U.S. regulators, concerned that Wall Street firms might have concealed the extent of the rout in bonds backed by sub-prime mortgages, plan to examine how the biggest brokerages accounted for the securities as they plummeted in value, people with knowledge of the inquiry said.
The Securities and Exchange Commission wants to learn whether the firms inaccurately valued their own sub-prime investments or those held by clients, one of the sources said.
The Financial Industry Regulatory Authority, a brokerage regulator formed by the merger of the NASD and the New York Stock Exchange's former enforcement unit, is collaborating with the SEC.
The firms to be examined are Goldman Sachs Group Inc., and Merrill Lynch & Co., Morgan Stanley, Lehman Bros. Holdings Inc. and Bear Stearns Cos. All are based in New York.
The agencies and the firms declined to comment.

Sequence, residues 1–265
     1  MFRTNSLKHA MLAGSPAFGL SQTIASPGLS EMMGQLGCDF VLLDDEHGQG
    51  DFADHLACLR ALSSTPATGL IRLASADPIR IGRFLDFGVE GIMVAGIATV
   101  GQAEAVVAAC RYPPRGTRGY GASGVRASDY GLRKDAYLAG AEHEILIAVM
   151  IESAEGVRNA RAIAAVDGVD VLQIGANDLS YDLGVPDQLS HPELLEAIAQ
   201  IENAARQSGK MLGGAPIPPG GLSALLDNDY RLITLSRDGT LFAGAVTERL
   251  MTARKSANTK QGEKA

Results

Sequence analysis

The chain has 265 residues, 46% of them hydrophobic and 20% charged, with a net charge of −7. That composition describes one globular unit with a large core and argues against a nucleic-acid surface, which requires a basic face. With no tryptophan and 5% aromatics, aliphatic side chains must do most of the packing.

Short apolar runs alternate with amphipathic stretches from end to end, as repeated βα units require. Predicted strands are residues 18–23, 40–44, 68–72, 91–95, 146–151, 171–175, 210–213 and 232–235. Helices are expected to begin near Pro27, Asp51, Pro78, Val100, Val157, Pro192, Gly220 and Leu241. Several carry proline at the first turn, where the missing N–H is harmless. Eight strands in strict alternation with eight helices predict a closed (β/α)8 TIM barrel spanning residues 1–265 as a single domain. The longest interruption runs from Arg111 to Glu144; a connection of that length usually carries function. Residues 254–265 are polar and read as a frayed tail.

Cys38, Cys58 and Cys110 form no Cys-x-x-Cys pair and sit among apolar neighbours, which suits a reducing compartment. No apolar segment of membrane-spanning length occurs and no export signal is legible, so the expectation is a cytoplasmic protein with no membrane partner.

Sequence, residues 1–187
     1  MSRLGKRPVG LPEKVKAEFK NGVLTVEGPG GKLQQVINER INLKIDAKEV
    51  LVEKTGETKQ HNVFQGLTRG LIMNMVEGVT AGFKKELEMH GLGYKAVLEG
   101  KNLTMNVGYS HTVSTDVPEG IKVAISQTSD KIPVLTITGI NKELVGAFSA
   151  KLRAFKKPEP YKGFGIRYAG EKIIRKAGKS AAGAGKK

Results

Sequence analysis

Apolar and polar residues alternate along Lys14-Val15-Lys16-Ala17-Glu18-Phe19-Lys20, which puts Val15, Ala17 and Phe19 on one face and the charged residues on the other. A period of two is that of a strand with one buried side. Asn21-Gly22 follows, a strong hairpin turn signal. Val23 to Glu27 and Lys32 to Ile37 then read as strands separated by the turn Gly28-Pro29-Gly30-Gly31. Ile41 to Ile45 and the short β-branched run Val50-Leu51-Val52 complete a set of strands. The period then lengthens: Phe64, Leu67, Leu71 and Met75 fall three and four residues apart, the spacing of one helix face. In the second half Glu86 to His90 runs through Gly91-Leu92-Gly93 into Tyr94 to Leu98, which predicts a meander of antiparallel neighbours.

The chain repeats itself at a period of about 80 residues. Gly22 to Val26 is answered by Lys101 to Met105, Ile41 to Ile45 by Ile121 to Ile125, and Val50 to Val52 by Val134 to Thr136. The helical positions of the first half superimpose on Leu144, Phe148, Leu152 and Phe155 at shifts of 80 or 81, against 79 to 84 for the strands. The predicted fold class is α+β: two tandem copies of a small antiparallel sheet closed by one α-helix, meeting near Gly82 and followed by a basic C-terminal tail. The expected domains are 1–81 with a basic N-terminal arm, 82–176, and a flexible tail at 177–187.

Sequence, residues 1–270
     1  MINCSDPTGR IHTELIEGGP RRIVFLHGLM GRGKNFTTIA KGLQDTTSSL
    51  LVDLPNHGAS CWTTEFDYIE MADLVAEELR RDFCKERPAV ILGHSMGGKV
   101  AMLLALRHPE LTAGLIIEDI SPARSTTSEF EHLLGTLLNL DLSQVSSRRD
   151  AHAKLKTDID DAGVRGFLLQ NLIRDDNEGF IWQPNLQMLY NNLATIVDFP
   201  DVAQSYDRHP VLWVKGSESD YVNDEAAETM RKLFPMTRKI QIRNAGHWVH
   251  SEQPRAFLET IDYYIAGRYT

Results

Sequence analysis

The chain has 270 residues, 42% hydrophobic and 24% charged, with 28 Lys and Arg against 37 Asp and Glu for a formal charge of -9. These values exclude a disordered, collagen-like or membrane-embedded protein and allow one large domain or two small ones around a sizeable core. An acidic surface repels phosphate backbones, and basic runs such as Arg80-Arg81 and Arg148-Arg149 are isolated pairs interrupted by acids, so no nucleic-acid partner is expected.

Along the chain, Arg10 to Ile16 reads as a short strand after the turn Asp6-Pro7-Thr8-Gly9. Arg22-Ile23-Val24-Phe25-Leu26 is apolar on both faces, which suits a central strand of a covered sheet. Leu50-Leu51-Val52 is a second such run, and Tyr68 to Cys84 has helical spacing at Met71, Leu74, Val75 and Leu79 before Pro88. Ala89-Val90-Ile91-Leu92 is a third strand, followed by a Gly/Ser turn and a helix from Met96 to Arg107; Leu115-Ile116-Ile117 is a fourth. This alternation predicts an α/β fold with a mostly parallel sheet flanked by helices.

The probe was prompted by market turmoil after two Bear Stearns hedge funds that invested in sub-prime securities collapsed, triggering a broad decline in credit markets in July.
Meanwhile, the audit committee of Bear Stearns' board has hired law firm Davis Polk & Wardwell to conduct an inquiry into the two failed funds, a person at the law firm said Friday.
A Bear Stearns representative couldn't be reached for comment about the law firm's probe.
The SEC started monitoring how Wall Street firms price thinly traded, mortgage-linked securities last year. Because they rarely trade, investors often rely on the brokerages that sold them to estimate their market value.
Lawrence White, an economics professor at New York University, said investigators might ask whether the firms' valuations amounted to "shading the results to benefit themselves."